Access to management interfaces and cloud console interfaces can be incredibly paradoxical. Organizations need to limit access to them, but at the same time allow access to authorized staff, possibly from unexpected but legitimate IP addresses and locations if an organization’s primary site is unavailable. This is where modern zero trust methods of authentication and access control are very helpful. The VMware Cloud Console and cloud management interfaces support multi-factor authentication, helping to ensure that only authorized users gain access.
Many organizations employ bastion hosts or “jump boxes” to help control access to management interfaces. Additionally, some organizations, including VMware internally, use dedicated VMware Horizon VDI deployments to provide secure & trusted access to systems management tools and interfaces. Staff connect to these systems, then can interact with infrastructure from a known & trusted management workstation image.
Ideas to consider:
How will IT staff access cloud consoles and management interfaces to conduct recovery operations during an incident if the primary site is offline and potentially unrecoverable?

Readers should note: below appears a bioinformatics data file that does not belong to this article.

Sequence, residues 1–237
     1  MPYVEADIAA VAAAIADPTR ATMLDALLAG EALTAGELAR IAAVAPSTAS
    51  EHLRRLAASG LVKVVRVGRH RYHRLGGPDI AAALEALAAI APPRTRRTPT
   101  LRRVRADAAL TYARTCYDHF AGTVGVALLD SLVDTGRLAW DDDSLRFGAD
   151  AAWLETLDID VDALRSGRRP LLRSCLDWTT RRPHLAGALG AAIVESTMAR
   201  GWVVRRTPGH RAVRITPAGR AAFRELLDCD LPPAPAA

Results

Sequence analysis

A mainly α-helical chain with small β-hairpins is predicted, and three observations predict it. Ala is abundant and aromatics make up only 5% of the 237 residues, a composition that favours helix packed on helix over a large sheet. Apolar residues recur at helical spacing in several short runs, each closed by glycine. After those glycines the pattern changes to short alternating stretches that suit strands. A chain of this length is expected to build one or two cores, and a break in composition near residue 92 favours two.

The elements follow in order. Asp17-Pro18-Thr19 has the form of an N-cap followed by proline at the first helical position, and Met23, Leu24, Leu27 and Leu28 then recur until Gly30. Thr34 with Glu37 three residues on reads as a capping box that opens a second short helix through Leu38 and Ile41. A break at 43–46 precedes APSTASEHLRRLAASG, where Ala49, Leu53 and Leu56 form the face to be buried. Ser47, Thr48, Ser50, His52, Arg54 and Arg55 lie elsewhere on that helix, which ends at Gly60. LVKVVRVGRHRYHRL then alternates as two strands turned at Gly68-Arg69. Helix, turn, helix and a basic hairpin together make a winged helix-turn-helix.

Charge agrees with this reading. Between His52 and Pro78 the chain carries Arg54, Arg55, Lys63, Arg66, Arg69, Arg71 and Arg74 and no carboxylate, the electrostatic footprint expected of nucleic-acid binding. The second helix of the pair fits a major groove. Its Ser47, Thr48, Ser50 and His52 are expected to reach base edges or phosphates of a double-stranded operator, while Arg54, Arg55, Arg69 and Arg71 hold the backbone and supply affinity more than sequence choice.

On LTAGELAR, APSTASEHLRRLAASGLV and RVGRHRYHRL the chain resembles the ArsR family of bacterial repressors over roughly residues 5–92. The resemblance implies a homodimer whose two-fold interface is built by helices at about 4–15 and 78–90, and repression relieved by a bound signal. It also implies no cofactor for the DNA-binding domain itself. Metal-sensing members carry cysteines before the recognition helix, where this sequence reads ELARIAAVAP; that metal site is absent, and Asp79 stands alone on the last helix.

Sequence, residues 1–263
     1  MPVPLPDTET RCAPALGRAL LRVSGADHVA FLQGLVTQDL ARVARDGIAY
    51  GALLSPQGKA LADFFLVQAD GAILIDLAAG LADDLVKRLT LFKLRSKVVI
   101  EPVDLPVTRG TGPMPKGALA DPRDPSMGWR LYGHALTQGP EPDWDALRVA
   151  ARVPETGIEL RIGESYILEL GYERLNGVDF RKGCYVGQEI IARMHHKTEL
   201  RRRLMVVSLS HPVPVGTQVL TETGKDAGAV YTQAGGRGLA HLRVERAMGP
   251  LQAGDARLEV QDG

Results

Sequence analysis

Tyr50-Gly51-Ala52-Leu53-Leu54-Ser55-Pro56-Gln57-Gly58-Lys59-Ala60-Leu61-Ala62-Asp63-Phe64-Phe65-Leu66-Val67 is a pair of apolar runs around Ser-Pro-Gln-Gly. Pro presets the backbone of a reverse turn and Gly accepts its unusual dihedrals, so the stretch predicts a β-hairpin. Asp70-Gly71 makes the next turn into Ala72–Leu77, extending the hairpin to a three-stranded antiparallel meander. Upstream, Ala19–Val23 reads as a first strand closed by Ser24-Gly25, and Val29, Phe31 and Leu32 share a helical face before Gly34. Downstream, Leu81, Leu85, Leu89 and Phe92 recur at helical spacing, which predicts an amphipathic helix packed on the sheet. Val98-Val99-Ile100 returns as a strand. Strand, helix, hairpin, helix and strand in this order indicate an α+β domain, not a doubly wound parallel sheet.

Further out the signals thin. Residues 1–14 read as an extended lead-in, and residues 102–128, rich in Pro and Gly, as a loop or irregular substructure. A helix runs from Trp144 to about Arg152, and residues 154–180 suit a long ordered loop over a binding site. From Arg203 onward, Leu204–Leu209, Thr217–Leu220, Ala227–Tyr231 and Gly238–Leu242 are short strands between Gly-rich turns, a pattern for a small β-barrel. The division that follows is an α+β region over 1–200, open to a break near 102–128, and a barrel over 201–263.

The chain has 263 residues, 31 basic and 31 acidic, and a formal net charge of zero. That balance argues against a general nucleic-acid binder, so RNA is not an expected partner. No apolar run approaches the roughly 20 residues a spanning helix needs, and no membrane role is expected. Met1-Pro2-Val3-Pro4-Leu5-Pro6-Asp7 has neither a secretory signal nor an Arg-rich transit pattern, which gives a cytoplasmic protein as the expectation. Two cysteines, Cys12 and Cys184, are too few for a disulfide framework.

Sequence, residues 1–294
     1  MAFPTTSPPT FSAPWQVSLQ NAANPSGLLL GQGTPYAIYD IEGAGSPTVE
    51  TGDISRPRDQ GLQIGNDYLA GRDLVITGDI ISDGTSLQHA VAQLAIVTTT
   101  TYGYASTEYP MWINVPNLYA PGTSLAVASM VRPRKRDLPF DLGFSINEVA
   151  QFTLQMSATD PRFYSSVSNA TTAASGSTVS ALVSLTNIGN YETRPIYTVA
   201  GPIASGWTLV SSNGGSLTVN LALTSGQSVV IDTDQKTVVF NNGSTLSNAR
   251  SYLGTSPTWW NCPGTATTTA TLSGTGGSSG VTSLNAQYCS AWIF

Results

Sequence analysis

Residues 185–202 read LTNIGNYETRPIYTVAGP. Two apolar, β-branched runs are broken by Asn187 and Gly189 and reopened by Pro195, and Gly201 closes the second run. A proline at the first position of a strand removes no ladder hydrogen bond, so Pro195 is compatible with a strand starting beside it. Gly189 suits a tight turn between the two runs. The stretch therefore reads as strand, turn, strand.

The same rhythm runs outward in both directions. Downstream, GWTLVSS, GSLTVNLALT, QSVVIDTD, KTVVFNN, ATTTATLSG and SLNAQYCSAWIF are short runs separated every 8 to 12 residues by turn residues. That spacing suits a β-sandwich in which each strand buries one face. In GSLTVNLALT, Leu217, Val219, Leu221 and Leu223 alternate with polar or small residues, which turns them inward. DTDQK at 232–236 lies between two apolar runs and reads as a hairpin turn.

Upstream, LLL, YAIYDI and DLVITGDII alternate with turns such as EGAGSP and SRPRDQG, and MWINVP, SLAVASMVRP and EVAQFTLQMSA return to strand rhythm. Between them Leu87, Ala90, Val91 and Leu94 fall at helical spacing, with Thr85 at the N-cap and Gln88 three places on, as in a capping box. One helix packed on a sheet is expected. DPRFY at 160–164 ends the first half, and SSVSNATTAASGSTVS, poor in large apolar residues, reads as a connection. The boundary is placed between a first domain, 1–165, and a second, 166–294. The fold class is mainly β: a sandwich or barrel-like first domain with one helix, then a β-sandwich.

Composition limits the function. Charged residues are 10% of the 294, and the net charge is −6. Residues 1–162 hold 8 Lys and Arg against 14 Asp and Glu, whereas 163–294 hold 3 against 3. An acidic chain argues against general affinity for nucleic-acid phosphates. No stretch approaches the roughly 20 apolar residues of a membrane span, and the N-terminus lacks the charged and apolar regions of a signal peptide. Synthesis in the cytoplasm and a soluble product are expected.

Is multi-factor authentication enabled for all users of the VMware Cloud Console, and part of the login sequence to access infrastructure management interfaces?
Are bastion hosts, jump boxes, and/or dedicated VDI instances patched quickly and proactively, to ensure that attackers cannot exploit new vulnerabilities to gain access?
Do management interfaces rely on authentication and authorization provided by a central directory, such as Microsoft Active Directory, that may be unavailable during an incident? Is that directory considered “in scope” for compliance audits? How does your organization protect against unauthorized changes by administrators of those systems, potentially allowing privileged administrator access to infrastructure systems?